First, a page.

PEOPLE OF 2020: First responders to emergencies

When one of the worst incidents of flash flooding in recent memory hit Samoa two weeks ago, the damage was enormous. From Apia to Aleipata and all the way to Falealupo on the big island of Savai’i, the destructive power of the water ensured our vulnerability when it comes to infrastructural developments was widely exposed.

Roads, fords and bridges were demolished. Homes, businesses and many properties were destroyed. Landslides blocked access to many parts of the island. Electricity was knocked out. Water pipes were damaged cutting water supply to most parts of the country.

Closer to Apia, the speed with which the water rose in residential areas was remarkably frightening. On that Friday morning, not many people would have expected rain from a convergence zone to bring about such destructive floods but they did and it happened so quickly.

Today, this country is still reeling in the aftermath. But we are a lot better today then we were two weeks ago thanks to the tireless work of so many people in the public service whom we are referring to today as the “First Responders.”

It’s true that the politicians come up with the plans and they often take the glory when it works. What it’s not talked about often is that when those decisions go wrong, the politicians hide their faces, forcing these critical First Responders to the rescue.

During and after the flooding two weeks ago, we saw this in action once more. When parts of the nation were in darkness, the Electric Power Corporation workforce worked day and night to restore light and power. While everyone was sleeping, they were out there with their torches, ladders still toiling away.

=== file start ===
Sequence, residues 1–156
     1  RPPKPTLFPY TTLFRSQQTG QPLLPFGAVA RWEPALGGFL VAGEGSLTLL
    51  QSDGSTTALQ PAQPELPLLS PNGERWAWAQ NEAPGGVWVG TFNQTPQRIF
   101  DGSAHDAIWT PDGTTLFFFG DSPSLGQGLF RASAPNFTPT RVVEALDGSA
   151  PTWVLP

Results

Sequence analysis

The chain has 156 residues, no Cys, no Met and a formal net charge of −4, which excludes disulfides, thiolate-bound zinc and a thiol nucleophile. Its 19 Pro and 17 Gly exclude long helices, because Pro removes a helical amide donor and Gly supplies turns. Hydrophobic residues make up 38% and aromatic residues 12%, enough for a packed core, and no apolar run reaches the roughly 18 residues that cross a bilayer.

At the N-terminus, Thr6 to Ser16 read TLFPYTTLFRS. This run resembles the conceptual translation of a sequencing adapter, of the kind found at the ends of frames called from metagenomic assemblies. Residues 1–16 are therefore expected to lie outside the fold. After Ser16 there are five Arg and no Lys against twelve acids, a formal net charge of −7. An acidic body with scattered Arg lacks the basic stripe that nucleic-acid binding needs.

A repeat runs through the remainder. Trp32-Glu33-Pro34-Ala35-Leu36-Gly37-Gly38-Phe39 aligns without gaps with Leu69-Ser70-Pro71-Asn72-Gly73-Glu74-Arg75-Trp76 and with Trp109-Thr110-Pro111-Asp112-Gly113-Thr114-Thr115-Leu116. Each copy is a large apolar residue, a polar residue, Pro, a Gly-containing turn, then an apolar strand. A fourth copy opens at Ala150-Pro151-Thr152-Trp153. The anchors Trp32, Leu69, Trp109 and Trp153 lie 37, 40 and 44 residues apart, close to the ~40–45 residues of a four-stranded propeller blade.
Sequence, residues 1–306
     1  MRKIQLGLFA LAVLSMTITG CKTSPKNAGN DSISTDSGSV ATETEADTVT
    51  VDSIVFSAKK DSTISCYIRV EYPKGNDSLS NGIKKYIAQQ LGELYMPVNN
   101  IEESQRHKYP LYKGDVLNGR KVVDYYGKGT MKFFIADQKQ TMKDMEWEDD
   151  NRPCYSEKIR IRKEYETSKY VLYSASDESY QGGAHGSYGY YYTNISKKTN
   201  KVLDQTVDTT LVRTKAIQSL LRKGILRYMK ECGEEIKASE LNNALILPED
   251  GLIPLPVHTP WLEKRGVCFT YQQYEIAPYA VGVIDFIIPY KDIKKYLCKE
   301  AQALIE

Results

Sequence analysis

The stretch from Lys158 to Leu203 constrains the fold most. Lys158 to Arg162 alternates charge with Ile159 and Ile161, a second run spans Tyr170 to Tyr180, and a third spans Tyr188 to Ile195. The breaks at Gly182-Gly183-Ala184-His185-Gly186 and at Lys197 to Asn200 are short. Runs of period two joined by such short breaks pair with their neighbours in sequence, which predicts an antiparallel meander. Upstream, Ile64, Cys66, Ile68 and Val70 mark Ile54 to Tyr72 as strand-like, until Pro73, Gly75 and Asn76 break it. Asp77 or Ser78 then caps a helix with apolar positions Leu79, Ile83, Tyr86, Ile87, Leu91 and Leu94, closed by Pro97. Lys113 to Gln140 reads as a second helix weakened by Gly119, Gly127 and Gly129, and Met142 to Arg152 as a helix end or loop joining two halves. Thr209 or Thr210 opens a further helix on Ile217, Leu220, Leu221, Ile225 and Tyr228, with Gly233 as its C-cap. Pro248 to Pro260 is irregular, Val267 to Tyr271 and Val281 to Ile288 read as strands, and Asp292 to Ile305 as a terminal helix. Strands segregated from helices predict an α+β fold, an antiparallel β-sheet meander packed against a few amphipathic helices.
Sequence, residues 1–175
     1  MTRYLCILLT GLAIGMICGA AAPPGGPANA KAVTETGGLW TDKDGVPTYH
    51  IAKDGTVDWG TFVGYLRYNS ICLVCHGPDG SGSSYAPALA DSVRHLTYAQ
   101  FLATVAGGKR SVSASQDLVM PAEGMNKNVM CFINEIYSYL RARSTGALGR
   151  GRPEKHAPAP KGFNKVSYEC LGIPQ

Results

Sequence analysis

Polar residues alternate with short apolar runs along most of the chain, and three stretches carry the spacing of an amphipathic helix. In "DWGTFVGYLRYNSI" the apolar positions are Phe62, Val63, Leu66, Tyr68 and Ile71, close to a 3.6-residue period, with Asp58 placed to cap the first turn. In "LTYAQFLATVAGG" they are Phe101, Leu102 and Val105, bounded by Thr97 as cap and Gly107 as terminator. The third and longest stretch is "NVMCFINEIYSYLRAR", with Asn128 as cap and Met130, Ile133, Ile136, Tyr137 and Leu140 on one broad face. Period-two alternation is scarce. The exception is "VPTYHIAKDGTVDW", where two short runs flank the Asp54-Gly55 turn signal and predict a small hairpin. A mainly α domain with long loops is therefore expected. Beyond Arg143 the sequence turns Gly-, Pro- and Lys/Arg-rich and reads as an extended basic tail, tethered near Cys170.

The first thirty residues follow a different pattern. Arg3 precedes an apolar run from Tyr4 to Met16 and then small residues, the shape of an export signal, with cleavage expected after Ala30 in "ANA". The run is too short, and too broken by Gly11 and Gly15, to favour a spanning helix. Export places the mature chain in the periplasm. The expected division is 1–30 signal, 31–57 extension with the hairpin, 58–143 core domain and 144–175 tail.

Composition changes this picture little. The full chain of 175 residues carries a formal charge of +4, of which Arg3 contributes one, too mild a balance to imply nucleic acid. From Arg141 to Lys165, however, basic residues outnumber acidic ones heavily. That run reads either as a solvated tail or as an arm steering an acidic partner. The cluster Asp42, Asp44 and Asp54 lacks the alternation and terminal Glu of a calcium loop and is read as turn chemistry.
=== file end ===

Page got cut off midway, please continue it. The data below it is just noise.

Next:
It was the same with the Samoa Water Authority and their team. While the nation was without water supply, they were not sleeping. They were out there working, some for up to three straight days, to ensure the water supply was safe and restored.

On the roads when they were inaccessible and blocked, the team from the Land Transport Authority and their partners were on the move. The roading network provides a critical connection that allows all other essential services to function which makes this task extremely vital.

But in the heat of any natural disasters, the team of Police officers and F.E.S.A rescue workers provide hope and a lifeline to many. While people backed off and ran away from flooded areas, Police officers and F.E.S.A. officials did not. They stood their ground and did as much as they could to save lives. Up there at the national hospital and other health centres, doctors, nurses and health workers stood by ready to perform their role.

People have every right to complain when these basic services are not available but very few people know the challenges and what it takes especially during a national natural disaster.

Today, we believe it is very important to pay tribute to the work of these particular public servants and all who are involved in the first line of response to natural and man made disasters in a bid to save lives and protect Samoa.

There is a time and day where appropriate acknowledgement must be made to appreciate good honest hard work. Public servants, such as these people, are at the coalface of policy development, service delivery and when things don’t go well, they cop a lot of flak. Many of them are often the unsung heroes; their roles largely go unnoticed and unappreciated.

But lost in the criticism is the fact they work hard and they do their jobs. These are public servants who walk an extra mile, and go beyond the call of duty, to help and to serve their people and country.

Today is an opportunity for all of us to say thank you. Today is an opportunity to give praise where it is due and acknowledge their work. We want them to know that they are appreciated and as a nation, we are grateful.

 

 

 

 

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